East Africa: RURA Says 'International Players' Working to Fix Internet Outage Affecting East Africa

Internet access

Rwanda Utilities Regulatory Authority (RURA) has said that work is underway to fix internet challenges in Rwanda and other east African countries in the wake of reported damage to a subsea fibre cable systems that serves the region.

The issues started on Sunday, May 12. It is reported that Tanzania and Mayotte, an archipelago in the Indian Ocean, were the most affected, while internet disruptions were also reported in Malawi, Mozambique and Madagascar.

ALSO READ: Major sub-sea fibre cut causes internet outage across East Africa

Speaking to The New Times on May 13, the General Manager of ICT Regulation at RURA, Charles Gahungu, noted that work "by the respective international players" is underway to fix the problem, though he expects it may take some more time.

"Fixing subsea fibre cables takes more time. If it were land cables that had been affected, it would not take long," he said.

Despite the recent deceleration in internet speeds within Rwanda, Gahungu emphasised that connectivity remains accessible, owing to prior initiatives undertaken by the nation to establish multiple connections to diverse channels interfaced with alternative servers.

Gahungu said RURA was in contact with local operators and it discussed the current internet problems. One of the solutions they are trying to exploit is making use of the alternative fibre infrastructure to which can be available for Rwanda, Gahungu said.

Meanwhile, in Tanzania, Nape Nnauye, the country's minister of information, communication and information technology said in a statement on Sunday that the government was informed that the disruption to the internet was caused by a fault on the cables between Mozambique and South Africa.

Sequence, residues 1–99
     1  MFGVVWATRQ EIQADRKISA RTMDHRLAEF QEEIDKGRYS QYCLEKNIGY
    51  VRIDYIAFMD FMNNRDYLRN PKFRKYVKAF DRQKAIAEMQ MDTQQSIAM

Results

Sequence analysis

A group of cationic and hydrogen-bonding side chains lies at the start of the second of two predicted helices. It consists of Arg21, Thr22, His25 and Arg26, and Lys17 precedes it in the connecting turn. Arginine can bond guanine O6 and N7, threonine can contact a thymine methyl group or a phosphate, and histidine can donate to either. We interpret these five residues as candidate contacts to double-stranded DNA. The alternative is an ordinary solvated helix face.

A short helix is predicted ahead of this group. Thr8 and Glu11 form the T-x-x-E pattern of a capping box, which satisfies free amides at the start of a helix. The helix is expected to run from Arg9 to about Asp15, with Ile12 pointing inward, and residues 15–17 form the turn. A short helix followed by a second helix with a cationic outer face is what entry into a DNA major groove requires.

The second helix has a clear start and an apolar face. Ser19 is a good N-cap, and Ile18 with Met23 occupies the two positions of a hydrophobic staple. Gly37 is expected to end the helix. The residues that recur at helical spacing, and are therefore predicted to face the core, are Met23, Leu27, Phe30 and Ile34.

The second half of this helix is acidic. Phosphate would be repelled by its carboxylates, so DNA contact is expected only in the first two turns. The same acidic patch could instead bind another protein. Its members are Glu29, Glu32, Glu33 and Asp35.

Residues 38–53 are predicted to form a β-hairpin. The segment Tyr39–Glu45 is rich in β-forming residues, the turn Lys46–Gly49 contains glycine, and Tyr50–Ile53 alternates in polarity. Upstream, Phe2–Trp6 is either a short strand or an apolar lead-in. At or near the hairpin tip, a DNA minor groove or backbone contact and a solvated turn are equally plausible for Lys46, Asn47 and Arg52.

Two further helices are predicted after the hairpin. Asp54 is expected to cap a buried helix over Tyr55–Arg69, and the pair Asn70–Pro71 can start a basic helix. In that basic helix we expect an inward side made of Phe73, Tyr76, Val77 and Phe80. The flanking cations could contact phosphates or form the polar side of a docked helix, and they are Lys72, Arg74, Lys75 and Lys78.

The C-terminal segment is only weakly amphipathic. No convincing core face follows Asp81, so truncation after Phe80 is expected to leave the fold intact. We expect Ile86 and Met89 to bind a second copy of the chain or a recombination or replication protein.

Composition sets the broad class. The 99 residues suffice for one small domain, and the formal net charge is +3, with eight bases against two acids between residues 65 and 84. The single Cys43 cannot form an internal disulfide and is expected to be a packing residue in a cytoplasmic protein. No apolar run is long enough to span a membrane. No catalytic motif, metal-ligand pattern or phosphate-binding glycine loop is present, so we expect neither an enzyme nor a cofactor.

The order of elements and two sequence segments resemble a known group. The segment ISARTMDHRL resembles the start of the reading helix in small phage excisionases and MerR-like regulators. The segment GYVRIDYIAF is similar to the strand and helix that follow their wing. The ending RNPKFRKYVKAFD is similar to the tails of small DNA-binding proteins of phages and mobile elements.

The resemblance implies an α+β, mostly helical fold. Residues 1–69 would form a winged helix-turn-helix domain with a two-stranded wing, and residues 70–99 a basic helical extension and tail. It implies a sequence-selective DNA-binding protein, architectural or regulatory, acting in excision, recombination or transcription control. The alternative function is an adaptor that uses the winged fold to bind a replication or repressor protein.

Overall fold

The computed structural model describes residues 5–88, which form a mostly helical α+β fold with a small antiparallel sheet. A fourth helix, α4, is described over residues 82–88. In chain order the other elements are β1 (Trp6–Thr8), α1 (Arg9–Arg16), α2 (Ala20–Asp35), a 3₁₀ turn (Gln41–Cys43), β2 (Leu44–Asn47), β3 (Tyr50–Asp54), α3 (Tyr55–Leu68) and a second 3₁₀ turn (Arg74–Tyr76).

The information was shared to the neighbouring country by SEACOM and EASSy, the companies in charge of the affected subsea cable systems.

"There are ongoing efforts to solve the problem. As they continue to solve the problem, we will have very low access to the internet and international voice calls," Nnauye said.

On Monday, MTN Rwanda, one of the main internet service providers in the country informed its clients that the technical problem affecting connectivity in Africa is not yet solved.

"We are still following up on the issue so that you will get internet services as usual," the message from MTN read.

Safaricom, Kenya's biggest telecoms operator, also said in a post on X that it activated redundancy measures to minimise service interruption after it was notified of an outage on the one of cables serving the country.

"We have experienced an outage on one of the undersea cables that deliver internet traffic in and out of the country. We have since activated redundancy measures to minimise service interruption and keep you connected as we await the full restoration of the cable. You may, however, experience reduced internet speeds," the telco said.

AllAfrica publishes around 400 reports a day from more than 100 news organizations and over 500 other institutions and individuals, representing a diversity of positions on every topic. We publish news and views ranging from vigorous opponents of governments to government publications and spokespersons. Publishers named above each report are responsible for their own content, which AllAfrica does not have the legal right to edit or correct.

Articles and commentaries that identify allAfrica.com as the publisher are produced or commissioned by AllAfrica. To address comments or complaints, please Contact us.